China’s yuan rebounds, pacing gains in the pound and euro
The Chinese yuan continue to bounce back against the US dollar on Tuesday, pacing gains in the pound and euro while the yen extended its slide.
The onshore yuan in Shanghai traded at 6.6867 per US dollar at 10.45 am, edging higher by 0.07 per cent from Monday’s close. The offshore yuan in Hong Kong rose by 0.07 per cent to 6.7000 at 10.45 am. On the onshore and offshore markets Monday, the yuan initially traded higher but gave back the gains and more, ending the session lower. Last Wednesday, the onshore yuan touched a six year low as the sterling pound fell to its weakest level against the dollar in 31 years.
The People’s Bank of China on Tuesday set the yuan reference point against the US dollar at 6.8950, weaker by 0.16 per cent or 107 basis points from Monday. Traders are allowed to trade up to 2 per cent either side of the reference point for the day.
Tommy Ong, managing director of treasury and markets at DBS Hong Kong, said the yuan link to a basket of currency so it bounce back with the sterling pound and euro.
“The market has oversold the pound and the euro after Brexit as market players worried about market turmoil. The Monday announcement for Theresa May to become the next British prime minister on Wednesday has helped the pound and euro. This will also help the yuan to stop falling,” Ong said.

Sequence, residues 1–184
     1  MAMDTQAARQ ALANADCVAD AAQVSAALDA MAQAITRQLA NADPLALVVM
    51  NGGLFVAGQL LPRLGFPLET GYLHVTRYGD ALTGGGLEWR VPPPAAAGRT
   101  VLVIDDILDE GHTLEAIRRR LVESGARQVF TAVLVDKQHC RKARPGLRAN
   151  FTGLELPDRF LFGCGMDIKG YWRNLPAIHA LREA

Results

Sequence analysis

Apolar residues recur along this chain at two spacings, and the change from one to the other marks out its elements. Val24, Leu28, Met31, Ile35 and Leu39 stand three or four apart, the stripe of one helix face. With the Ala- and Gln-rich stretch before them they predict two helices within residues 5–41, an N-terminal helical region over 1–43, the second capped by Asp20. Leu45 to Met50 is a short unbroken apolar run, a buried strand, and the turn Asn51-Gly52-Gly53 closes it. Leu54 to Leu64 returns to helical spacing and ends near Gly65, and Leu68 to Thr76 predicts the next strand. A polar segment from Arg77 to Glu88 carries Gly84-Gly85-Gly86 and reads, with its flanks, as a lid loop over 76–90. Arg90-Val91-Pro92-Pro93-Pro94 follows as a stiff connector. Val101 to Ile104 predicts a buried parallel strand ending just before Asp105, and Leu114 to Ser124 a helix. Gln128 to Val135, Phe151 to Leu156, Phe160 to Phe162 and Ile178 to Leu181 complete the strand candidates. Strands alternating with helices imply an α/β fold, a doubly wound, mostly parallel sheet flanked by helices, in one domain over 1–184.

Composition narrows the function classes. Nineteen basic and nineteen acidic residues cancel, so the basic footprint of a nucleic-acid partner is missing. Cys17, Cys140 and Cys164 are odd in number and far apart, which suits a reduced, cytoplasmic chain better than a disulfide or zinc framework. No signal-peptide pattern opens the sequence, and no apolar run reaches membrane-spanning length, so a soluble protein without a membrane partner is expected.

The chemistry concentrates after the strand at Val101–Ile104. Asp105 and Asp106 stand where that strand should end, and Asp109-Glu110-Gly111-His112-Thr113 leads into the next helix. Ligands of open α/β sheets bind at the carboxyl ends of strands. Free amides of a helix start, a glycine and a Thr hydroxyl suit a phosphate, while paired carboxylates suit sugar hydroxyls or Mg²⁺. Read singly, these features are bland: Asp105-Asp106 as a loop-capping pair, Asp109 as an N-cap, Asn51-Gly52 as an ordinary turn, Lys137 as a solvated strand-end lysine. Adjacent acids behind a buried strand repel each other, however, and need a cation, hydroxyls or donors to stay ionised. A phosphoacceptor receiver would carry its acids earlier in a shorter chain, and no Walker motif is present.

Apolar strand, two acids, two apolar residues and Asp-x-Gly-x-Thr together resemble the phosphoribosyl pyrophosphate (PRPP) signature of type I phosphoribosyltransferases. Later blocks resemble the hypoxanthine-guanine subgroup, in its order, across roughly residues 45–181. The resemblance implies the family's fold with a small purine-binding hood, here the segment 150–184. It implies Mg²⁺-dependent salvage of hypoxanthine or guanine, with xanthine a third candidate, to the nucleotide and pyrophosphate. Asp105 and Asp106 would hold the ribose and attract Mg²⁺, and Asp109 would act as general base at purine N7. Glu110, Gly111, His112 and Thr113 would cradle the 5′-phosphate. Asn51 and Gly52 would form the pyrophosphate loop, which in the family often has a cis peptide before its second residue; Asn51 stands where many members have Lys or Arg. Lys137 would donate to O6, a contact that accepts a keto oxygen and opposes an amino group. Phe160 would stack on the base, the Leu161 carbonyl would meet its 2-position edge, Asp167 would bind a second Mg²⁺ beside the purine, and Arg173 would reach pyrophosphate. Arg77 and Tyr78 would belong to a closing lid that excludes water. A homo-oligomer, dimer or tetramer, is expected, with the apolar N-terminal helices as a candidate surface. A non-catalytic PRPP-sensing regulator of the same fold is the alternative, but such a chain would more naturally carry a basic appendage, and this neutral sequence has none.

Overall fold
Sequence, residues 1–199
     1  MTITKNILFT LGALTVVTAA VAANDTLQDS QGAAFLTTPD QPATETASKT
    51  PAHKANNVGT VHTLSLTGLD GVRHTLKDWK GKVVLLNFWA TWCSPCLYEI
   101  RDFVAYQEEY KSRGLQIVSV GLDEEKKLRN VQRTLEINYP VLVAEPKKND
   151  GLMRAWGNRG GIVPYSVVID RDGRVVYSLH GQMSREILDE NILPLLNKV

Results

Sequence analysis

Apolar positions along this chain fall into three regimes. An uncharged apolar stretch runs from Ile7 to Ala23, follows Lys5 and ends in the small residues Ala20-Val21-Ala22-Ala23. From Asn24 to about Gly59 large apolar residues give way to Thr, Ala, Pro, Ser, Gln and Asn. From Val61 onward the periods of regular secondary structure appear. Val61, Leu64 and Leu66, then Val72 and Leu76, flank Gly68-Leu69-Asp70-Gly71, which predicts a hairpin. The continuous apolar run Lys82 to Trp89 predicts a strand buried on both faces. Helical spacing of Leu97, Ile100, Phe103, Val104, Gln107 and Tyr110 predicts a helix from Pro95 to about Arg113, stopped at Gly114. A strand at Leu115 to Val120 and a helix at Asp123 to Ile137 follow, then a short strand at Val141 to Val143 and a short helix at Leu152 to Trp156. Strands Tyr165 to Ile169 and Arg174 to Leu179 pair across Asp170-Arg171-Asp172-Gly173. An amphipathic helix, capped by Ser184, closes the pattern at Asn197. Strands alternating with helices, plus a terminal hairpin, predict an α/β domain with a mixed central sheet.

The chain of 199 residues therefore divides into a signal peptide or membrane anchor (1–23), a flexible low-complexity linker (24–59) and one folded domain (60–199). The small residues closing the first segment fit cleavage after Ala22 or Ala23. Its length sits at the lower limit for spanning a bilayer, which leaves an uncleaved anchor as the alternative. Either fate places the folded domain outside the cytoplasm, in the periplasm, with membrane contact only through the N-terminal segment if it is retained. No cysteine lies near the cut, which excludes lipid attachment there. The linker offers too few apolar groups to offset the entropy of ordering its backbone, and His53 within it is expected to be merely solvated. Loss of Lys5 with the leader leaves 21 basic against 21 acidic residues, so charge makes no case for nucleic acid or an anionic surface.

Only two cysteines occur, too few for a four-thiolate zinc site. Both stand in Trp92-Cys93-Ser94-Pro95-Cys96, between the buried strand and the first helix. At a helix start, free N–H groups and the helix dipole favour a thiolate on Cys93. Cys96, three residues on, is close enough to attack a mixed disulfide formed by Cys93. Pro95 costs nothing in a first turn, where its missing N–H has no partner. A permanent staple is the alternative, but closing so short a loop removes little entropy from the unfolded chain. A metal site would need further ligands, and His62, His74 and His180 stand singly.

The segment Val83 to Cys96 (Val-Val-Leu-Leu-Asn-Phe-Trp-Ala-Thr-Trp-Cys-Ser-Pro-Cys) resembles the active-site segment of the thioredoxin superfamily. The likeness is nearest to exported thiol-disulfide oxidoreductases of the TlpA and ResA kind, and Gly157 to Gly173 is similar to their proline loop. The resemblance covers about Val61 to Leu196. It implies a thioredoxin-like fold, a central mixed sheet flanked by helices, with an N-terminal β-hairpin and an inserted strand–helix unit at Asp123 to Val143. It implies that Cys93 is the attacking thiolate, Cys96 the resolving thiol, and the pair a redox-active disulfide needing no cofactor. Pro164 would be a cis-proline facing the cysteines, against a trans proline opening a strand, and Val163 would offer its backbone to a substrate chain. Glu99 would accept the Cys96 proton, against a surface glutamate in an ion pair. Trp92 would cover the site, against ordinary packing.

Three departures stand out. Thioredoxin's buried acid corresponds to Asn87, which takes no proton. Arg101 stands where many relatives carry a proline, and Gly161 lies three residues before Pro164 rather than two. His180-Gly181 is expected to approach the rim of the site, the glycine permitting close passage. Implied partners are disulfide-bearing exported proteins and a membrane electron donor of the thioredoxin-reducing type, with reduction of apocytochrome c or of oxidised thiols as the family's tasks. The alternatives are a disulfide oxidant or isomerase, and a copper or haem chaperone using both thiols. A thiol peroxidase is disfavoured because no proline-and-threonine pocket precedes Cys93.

Ong belives the yuan, which has fallen against a basket of currencies by 5 per cent this year, would stabilise at its current level between 6.65 to 6.70 level against per US dollar and may bounced back more in the fourth quarter. In October, the International Monetary Fund is slated to add the yuan to its list of reserve currencies, or Special Drawing Rights (SDR), joining the US dollar, euro, yen and sterling pound.
“After joining the SDR, many central banks in the developing markets will need to buy yuan assets to meet their reserves. This will support the exchange rate of the yuan in the fourth quarter,” Ong said.
Sterling has rebounded for three days in a row and most recently was up 0.68 per cent on Tuesday morning to US$1.3081l. Ong said the Bank of England is expected to announce monetary policies on Thursday to support the economy which also benefit the pound. “However, the pound is unlikely to bounce back too much as Brexit would discourage direct investment in the country. The pound could only bounce back up to about the US$1.35 level,” he said.
The euro also rose 0.2 per cent on Tuesday to trade at US$1.1078.
The Japanese yen continue to fall against the US dollar, shedding 0.19 per cent on Tuesday morning. The dollar was buying 103 yen, extending its 2.25 per cent slide on Monday.
Ong said the yen has become a safe haven currency after Brexit, but now traders are shifting back to other currencies as things stabilise.
“It is also related to the market expectation the Japanese government will soon announce new policies to boost the economy and drive down the yen to benefit exporters,” he said.
Even after the fall in the past two trading days, the yen has risen 14.52 per cent against the US dollar this year.
The Hong Kong dollar traded at 7.7581 per US dollar at 10.45am on Tuesday morning, which is now on the strong end of the currency peg, and just shy of year’s high at 7.7503 on January 4.